On the abilities front, HAL/Flagship has included some very nice new ones such as Magic, Missile and Gift, as well as favourites such as Fighter, Sword and Parasol, clever one-timers like Cook and Crash, and the almighty Smash Bros ability that gives you access to the whole range of moves that Kirby has in the vastly popular N64/GC melee fighter classic! These are not simply for aesthetic value, though, as many will help you solve puzzles and gain access to areas previously unreachable – like turning into a stone that can pound wooden stakes, using a laser beam to blast through blocks, or becoming very tiny to slip through very small passageways. Everything is first class and makes you wish the game never had to end!

There are also three sub-games that you can turn your hand to if you ever need a break from the general play. Below is a quick run-through of each one, as they should not be overlooked:

Speed Eaters – The premise of this and all the subsequent mini-games is ‘Test Your Reflexes’. This one will drive you crazy as you must either beat the computer or your friends to the punch. The four Kirbies are sat around a table with some food hidden under a metal lid. Once the lid rises and two large exclamation marks appear on the screen you must hastily bash that ‘A’ button to be the first to suck in the delicious goods. Such a basic idea and yet so crazily addictive when trying to beat your friends…

Screenshot for Kirby & The Amazing Mirror on Game Boy Advance

Crackity Hack – The scene starts with the four coloured Kirbies all lined up next to their large boulders and then the challenge begins. A meter will appear in the corner, which upon filling completely you must press ‘A’, at which time another meter will appear for you to do the same thing over again. Once done a couple of times, your power will have been built up enough and a special white target appears on-screen. It quickly moves down and you have to time your button press so that you stop it as it goes over another white target on the boulder itself. Hey presto, you are the winner, creating the largest crack and leaving the others shame-faced…

Kirby Wave Ride – The four Kirbies ride along the water automatically and you must time your jumps so that you launch yourself off the top of waves, which thus gives you a nice little boost. If you time a jump perfectly and land straight onto another wave and manage to time your jump from that accurately as well, then you will get a combination boost which obviously gives you a huge advantage over your competitors. It is all simple fun, but actually far better and more enjoyable than the GameCube’s Kirby Air Ride!

You heard me perfectly well. People might be used to the usual final section of Kirby reviews where it simply states that whilst the game is extremely enjoyable, it is a great shame that it all ends far too promptly. Well, time for a shock as Kirby & The Amazing Mirror goes on and on, longer than that annoying Duracell Bunny. Flagship has incorporated such a massive, intricate and diverse world into this new Kirby game that you will be wondering just how on Earth it is actually possible to achieve that elusive 100% rating.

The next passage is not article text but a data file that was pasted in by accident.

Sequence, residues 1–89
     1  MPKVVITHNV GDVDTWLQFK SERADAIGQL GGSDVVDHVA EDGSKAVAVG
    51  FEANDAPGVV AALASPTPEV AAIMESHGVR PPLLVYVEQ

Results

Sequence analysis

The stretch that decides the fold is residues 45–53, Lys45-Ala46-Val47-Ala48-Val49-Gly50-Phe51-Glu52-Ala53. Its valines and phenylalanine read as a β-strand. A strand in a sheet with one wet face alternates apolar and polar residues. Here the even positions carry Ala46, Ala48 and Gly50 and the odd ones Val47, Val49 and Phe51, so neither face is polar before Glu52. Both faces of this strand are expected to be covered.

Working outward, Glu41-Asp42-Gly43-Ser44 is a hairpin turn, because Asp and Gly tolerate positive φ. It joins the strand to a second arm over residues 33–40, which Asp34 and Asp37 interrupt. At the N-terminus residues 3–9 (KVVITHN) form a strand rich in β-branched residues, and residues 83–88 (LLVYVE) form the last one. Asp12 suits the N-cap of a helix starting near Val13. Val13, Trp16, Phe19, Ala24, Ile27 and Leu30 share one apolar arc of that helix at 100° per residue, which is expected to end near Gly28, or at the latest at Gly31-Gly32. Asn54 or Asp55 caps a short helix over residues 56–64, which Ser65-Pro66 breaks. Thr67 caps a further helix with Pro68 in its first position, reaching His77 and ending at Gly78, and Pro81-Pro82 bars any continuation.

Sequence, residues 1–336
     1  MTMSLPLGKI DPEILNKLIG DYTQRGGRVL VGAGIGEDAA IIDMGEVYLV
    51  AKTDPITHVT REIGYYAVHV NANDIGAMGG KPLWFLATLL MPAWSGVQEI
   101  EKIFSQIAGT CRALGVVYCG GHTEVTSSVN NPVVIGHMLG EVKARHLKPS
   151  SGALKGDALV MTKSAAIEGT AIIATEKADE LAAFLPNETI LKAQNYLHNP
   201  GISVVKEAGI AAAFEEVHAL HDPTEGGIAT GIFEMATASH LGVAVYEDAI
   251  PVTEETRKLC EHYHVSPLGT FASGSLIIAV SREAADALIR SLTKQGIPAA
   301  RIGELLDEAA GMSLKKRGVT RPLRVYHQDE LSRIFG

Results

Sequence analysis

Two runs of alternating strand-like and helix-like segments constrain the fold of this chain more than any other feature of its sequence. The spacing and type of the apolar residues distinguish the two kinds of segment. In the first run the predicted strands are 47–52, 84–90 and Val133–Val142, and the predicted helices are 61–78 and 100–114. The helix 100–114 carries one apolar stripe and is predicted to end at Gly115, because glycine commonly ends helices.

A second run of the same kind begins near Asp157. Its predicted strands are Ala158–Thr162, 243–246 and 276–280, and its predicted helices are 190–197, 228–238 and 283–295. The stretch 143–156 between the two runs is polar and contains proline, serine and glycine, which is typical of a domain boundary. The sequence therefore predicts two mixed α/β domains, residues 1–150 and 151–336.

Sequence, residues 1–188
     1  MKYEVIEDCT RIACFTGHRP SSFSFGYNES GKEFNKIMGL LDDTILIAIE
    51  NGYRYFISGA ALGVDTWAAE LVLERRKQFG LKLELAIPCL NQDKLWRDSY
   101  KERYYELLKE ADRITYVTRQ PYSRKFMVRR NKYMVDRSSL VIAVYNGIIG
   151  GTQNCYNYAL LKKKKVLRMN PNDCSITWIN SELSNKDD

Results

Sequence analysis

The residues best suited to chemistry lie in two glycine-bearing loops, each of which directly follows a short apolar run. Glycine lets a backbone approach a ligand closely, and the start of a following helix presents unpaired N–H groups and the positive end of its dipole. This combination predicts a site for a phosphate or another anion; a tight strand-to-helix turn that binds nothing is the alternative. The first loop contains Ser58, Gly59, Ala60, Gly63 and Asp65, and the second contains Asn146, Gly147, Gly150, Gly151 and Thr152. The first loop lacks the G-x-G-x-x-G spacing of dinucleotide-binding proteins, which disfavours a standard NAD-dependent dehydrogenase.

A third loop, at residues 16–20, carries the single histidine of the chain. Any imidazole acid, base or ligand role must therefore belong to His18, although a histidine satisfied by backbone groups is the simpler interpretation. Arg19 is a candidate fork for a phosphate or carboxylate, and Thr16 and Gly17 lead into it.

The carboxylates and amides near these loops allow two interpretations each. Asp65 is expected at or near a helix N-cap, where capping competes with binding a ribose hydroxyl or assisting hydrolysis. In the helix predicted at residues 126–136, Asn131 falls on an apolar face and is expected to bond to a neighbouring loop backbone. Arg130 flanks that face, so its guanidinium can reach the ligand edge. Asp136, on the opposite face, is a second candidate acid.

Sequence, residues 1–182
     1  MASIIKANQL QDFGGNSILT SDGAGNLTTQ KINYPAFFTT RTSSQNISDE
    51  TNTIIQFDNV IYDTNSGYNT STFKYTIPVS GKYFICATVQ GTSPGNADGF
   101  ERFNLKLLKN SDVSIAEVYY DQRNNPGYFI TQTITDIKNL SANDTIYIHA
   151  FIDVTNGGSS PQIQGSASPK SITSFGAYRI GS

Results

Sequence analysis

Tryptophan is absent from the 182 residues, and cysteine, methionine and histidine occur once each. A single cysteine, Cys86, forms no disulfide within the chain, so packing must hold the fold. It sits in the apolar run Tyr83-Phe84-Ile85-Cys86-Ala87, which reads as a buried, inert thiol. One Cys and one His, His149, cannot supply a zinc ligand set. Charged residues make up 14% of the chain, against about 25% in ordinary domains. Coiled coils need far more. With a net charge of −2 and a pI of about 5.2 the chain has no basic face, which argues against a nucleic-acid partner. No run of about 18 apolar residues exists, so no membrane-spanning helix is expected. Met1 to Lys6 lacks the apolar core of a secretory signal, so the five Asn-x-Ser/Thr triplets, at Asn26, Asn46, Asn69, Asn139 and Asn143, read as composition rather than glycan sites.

With many taxing bosses to overcome, a multitude of major and minor items to collect, various differing routes to be traversed, plus the option of playing through with three of your friends, you are looking at a lifespan far longer than your average platform game. Maybe even in the region of twenty-five hours if you are desperate to reach the ultimate level of perfection. However, let us not forget the engaging sub-games that are not only addictive fun with your friends, but certainly worthy of passing some time alone against the computer AI…All-in-all, this Kirby game proves that it is well worth the monetary investment!

Screenshot for Kirby & The Amazing Mirror on Game Boy Advance

Cubed3 Rating

9/10
Rated 9 out of 10

Exceptional - Gold Award

Rated 9 out of 10

You will be absolutely amazed by this game. Kirby aficionados will snap it up whatever the case, but for those doubting Thomas's out there I have to inform you that overlook this title and you will be missing out on one of not only the best games of 2004, but one of the most delightful titles on the GBA to date. Fusing a wonderful mixture of Metroid, Zelda Four Swords and classic Kirby platforming action together, this is possibly the pink puffster's most impressive title so far. Do not bother renting - buy it now!

Developer

Flagship

Publisher

Nintendo

Genre

2D Platformer

Players

4

C3 Score

Rated $score out of 10  9/10

Reader Score

Rated $score out of 10  10/10 (4 Votes)

European release date Out now   North America release date Out now   Japan release date Out now   Australian release date Out now